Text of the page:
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Smart home with AI sits above a nature reserve in Prague

Green-roofed theater in Shenzhen raises the bar for civic architecture

October 15, 2020 by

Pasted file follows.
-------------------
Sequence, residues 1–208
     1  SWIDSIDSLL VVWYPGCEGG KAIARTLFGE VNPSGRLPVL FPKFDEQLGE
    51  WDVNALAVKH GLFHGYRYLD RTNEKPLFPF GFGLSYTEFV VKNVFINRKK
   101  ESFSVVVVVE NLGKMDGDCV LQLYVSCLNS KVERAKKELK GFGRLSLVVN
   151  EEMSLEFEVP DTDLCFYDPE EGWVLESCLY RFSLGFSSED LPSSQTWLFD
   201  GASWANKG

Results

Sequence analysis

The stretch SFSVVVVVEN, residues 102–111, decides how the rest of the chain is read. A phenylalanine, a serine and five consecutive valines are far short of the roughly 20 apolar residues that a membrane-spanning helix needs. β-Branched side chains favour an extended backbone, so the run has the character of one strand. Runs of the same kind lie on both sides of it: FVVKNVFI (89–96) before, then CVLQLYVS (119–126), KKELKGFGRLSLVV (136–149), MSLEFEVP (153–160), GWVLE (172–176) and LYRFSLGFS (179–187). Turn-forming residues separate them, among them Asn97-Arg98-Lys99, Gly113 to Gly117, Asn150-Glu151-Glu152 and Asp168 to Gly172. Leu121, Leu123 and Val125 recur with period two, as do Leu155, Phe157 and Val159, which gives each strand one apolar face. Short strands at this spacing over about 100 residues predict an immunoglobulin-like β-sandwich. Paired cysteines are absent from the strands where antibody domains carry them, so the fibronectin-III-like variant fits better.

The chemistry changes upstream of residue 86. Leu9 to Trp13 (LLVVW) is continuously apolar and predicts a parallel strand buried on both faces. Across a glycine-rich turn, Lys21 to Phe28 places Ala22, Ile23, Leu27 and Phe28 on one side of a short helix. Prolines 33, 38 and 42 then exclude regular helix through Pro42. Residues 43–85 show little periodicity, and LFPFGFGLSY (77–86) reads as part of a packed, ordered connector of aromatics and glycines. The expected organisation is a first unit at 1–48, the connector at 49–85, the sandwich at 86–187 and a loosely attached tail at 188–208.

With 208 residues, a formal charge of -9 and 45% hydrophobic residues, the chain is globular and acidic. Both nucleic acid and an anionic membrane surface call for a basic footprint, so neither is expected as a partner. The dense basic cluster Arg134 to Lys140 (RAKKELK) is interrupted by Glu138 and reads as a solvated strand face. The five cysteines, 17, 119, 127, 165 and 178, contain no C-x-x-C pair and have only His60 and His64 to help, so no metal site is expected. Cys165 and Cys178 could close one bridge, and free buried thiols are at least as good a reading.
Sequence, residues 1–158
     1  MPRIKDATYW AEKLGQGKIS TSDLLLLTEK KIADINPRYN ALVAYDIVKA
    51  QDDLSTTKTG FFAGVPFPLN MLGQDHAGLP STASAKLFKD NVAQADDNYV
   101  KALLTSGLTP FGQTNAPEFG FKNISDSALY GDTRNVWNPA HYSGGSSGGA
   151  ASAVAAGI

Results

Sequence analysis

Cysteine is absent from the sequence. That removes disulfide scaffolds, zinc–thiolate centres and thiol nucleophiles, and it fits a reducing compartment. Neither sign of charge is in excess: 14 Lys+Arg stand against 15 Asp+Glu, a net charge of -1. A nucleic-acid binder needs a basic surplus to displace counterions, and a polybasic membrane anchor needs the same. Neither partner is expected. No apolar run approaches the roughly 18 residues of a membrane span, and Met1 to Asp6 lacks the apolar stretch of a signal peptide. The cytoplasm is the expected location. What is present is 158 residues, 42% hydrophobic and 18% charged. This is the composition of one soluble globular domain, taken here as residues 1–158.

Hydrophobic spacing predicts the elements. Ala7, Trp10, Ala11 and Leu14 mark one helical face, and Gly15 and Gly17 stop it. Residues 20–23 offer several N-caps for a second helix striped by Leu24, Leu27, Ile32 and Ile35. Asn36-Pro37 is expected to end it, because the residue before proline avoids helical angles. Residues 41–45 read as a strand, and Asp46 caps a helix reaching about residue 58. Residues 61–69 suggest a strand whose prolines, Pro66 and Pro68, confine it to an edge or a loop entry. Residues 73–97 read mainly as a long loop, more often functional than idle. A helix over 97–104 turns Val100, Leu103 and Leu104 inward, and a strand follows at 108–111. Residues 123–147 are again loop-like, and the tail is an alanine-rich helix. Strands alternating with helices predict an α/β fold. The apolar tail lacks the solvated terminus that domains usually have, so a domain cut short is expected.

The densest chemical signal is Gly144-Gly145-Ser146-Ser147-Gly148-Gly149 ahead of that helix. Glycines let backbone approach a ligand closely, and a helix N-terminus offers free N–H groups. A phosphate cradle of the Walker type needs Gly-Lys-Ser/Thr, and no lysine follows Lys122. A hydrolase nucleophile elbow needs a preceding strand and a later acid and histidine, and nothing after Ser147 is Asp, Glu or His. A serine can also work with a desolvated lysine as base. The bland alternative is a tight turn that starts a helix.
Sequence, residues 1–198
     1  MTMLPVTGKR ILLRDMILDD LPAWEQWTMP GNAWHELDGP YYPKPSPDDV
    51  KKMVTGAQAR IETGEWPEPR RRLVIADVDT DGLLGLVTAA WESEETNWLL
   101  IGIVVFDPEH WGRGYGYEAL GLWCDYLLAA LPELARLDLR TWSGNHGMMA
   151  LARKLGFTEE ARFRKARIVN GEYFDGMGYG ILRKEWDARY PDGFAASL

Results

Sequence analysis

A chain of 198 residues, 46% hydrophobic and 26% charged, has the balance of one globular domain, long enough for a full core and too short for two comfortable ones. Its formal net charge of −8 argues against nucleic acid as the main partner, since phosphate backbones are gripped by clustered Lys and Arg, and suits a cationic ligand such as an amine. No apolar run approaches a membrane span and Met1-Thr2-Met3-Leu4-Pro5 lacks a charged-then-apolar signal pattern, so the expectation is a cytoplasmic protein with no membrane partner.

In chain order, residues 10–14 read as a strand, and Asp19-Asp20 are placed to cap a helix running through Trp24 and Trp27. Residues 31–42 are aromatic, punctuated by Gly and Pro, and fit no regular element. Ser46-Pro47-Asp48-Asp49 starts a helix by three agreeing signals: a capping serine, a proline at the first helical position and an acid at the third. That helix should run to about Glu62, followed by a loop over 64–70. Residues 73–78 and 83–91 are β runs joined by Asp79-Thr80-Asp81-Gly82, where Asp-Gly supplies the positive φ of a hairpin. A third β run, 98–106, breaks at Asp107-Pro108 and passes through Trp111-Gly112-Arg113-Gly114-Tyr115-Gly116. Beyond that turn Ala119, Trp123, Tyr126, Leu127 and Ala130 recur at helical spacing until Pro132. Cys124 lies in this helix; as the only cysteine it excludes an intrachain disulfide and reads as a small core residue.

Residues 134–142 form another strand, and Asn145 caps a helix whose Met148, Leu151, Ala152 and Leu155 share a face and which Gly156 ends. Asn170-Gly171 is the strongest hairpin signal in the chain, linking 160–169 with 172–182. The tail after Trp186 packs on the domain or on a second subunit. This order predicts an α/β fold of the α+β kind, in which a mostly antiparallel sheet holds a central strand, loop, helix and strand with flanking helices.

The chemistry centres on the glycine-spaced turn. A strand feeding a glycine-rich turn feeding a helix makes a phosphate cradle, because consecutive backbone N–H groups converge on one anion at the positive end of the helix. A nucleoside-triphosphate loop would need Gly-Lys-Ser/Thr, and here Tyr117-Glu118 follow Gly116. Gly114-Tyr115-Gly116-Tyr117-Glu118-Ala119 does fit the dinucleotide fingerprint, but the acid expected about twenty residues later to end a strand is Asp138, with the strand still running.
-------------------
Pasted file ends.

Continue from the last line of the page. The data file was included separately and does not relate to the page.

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When the Pingshan District government in Shenzhen, China tapped Beijing-based OPEN Architecture to design the district’s first theater, the architects knew immediately that they wanted to create something different from the high energy-consuming and monotonous theaters that have recently become the norm throughout China. After taking a critical look at the past development of theaters in the country, the architects worked closely with the client to propose a new program for the Pingshan Performing Arts Center that emphasized social inclusivity by serving as a new cultural hub with amenities for both theater-lovers and the general public. Integrated with a public promenade and series of publicly accessible gardens, the contemporary theater also boasts a restaurant, a cafe, social and educational programming and an expansive landscaped roof that helps mitigate the urban heat island effect. Completed over the course of four years, the Pingshan Performing Arts Center eschews the extravagant exteriors that have defined many modern theaters in China in favor of a climate-responsive facade wrapped in precision-engineered perforated aluminum V sections that protect the building from sub-tropical sun exposure while enhancing natural ventilation. Related: This museum is carved into the seaside sand dunes of China’s Gold Coast At the heart of the new performing arts center — nicknamed “drama box” — is a 1,200-seat grand theater wrapped in dark red-toned wood panels that are visible from both inside the building and atop the roof, where the fly gallery can be seen. The grand theater is flanked by a series of smaller functional spaces and a public promenade that links together a cafe, a black box theater, teaching spaces, rehearsal rooms, an informal outdoor theater and outdoor gardens on multiple levels. “In breaking away from the mono-function Cultural Landmark typology, the building not only becomes much more sustainable in daily operation, but also sets a new example of social inclusivity for civic buildings ,” the architects explained. “Serving as a new cultural hub, it also provides the non-theater-going public with an exceptional and unusual urban space.” + OPEN Architecture Photography by Zeng Tianpei and Jonathan Leijonhufvud via OPEN Architecture